Q1 Which of the following is a threat to internal validity due to events occurring between the first and second measurements in an experiment?
b) Testing effect
Answer: c) History
Explanation: The history threat to internal validity refers to external events that occur between measurements that might influence the dependent variable.
Q2 In a factorial design experiment, if there are two independent variables, each with three levels, how many conditions or treatments are there in total?
Answer: c) 9
Explanation: In a factorial design, the number of conditions is the product of the levels of each independent variable. Here, it’s 3 (from the first IV) multiplied by 3 (from the second IV) = 9.
Q3 What type of research design begins with the observation of an effect and then works backward to suggest possible causes?
a) Experimental design
b) Ex post facto design
c) Longitudinal design
d) Pre-experimental design
Answer: b) Ex post facto design
Explanation: Ex post facto (or “after the fact”) design begins with the consequences and retrospectively looks for possible causes.
Q4 Which of the following sampling techniques gives every possible combination of units from the population an equal chance of being selected?
a) Purposive sampling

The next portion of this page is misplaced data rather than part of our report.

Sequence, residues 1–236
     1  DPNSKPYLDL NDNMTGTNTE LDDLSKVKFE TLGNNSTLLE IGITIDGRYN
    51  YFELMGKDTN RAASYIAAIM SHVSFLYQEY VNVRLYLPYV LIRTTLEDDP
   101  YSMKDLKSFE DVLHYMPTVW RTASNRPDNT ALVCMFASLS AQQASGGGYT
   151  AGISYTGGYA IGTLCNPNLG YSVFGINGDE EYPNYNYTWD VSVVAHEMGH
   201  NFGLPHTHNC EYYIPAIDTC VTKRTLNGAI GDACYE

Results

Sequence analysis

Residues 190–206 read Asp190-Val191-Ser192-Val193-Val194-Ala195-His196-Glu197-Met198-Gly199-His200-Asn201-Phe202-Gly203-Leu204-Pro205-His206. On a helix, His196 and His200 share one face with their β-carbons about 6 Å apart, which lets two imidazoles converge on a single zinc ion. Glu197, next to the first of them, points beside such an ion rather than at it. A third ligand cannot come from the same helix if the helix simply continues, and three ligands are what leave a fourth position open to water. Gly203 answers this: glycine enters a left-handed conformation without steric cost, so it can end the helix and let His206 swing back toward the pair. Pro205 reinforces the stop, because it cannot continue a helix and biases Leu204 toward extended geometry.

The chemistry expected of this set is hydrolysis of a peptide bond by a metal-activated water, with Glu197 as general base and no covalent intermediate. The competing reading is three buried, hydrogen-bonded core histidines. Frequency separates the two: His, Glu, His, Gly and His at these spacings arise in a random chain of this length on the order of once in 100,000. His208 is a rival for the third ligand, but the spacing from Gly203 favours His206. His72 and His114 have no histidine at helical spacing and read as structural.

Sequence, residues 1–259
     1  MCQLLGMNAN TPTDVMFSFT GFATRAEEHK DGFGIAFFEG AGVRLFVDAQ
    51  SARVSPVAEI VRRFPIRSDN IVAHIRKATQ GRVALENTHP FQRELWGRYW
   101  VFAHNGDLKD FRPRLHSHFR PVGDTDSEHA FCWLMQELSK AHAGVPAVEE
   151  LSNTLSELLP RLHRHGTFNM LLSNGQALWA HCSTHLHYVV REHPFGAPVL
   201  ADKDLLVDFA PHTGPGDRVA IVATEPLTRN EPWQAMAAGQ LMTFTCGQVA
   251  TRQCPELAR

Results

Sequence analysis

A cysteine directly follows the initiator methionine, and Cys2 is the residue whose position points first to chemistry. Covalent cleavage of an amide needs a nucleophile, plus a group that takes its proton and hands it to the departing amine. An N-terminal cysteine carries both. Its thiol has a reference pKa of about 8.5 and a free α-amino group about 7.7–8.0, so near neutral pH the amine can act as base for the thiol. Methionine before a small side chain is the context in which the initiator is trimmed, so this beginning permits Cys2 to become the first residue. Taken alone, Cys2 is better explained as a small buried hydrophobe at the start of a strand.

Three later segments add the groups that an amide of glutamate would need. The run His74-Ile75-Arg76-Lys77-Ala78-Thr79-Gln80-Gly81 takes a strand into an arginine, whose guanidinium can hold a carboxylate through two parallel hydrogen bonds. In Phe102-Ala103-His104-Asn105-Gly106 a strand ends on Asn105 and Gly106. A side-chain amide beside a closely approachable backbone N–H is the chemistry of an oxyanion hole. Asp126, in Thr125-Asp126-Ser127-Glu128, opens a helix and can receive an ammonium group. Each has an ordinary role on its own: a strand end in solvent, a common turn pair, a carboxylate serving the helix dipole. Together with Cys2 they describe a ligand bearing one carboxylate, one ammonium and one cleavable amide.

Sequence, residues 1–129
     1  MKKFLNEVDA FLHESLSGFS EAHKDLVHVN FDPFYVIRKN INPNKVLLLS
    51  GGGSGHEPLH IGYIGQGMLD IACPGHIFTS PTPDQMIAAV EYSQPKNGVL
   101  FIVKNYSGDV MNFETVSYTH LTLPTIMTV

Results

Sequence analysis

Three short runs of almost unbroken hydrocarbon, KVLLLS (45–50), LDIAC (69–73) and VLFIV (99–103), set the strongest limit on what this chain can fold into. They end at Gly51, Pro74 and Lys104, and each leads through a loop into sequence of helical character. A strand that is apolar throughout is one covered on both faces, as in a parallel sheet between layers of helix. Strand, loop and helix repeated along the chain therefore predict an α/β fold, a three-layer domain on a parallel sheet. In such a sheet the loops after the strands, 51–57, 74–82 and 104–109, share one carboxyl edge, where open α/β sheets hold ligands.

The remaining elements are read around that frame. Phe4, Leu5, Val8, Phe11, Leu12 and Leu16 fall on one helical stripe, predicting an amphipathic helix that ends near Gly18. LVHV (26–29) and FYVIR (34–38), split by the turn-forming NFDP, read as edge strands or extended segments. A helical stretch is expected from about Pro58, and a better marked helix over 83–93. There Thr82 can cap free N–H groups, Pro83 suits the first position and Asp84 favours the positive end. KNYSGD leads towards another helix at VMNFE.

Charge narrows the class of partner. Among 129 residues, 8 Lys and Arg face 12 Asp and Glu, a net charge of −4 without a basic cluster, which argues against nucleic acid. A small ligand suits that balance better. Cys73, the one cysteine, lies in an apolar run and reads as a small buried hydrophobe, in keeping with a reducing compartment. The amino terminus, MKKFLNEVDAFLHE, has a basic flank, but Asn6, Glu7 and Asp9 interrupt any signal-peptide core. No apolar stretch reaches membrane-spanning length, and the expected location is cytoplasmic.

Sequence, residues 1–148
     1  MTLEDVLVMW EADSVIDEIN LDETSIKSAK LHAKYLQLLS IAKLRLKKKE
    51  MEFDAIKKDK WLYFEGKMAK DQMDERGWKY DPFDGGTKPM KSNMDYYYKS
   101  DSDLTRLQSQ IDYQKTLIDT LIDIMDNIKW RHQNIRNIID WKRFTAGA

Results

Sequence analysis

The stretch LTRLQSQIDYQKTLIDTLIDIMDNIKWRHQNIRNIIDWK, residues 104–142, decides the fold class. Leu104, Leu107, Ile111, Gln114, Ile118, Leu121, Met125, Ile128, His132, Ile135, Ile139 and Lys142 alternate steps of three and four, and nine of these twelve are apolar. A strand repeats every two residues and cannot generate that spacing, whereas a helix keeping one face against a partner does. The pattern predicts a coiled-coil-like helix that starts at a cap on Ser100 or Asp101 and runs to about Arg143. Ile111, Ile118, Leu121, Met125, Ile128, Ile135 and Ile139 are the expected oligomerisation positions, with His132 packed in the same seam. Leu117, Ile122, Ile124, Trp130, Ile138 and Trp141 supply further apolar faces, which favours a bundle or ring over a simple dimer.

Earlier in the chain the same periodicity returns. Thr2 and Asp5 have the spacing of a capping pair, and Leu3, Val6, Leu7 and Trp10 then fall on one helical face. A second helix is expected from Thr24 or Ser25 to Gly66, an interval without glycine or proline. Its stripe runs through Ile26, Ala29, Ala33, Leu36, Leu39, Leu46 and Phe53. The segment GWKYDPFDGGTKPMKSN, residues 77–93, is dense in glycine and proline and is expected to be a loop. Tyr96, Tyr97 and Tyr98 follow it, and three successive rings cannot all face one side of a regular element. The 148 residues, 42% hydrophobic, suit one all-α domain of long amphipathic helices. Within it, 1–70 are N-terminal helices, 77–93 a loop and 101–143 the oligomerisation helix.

b) Cluster sampling
c) Systematic sampling
d) Simple random sampling
Answer: d) Simple random sampling
Explanation: Simple random sampling ensures that every possible sample of a given size has an equal chance of being selected from the population.
Q5 Which validity ensures that the measures used in a study measure the concepts they’re supposed to measure?
a) External validity
b) Construct validity
c) Face validity
d) Criterion validity
Answer: b) Construct validity
Explanation: Construct validity pertains to the accuracy with which a test or tool measures the intended construct.
Q6 What is it called when participants’ behavior is influenced by their knowledge that they are being observed?
a) Social desirability bias
b) Hawthorne effect
c) Confirmation bias
d) Observer bias
Answer: b) Hawthorne effect
Explanation: The Hawthorne effect describes the phenomenon where individuals modify their behavior in response to their awareness of being observed.
Q7 Which type of scale allows for the ranking of items, provides the order of the items, but doesn’t provide information on the difference between the items?
a) Ratio scale
b) Interval scale
c) Nominal scale
d) Ordinal scale
Answer: d) Ordinal scale
Explanation: An ordinal scale allows items to be ranked, indicating their order, but it doesn’t specify the magnitude of the difference between them.
Q8 Which statistical test is used to compare means from two different conditions or groups when the data are not normally distributed?
d) Mann-Whitney U test
Answer: d) Mann-Whitney U test
Explanation: The Mann-Whitney U test is a non-parametric statistical test that compares two unpaired groups when the data are not normally distributed.
Q9 In a research setting, the placebo effect primarily involves:
a) The treatment’s actual impact on participants.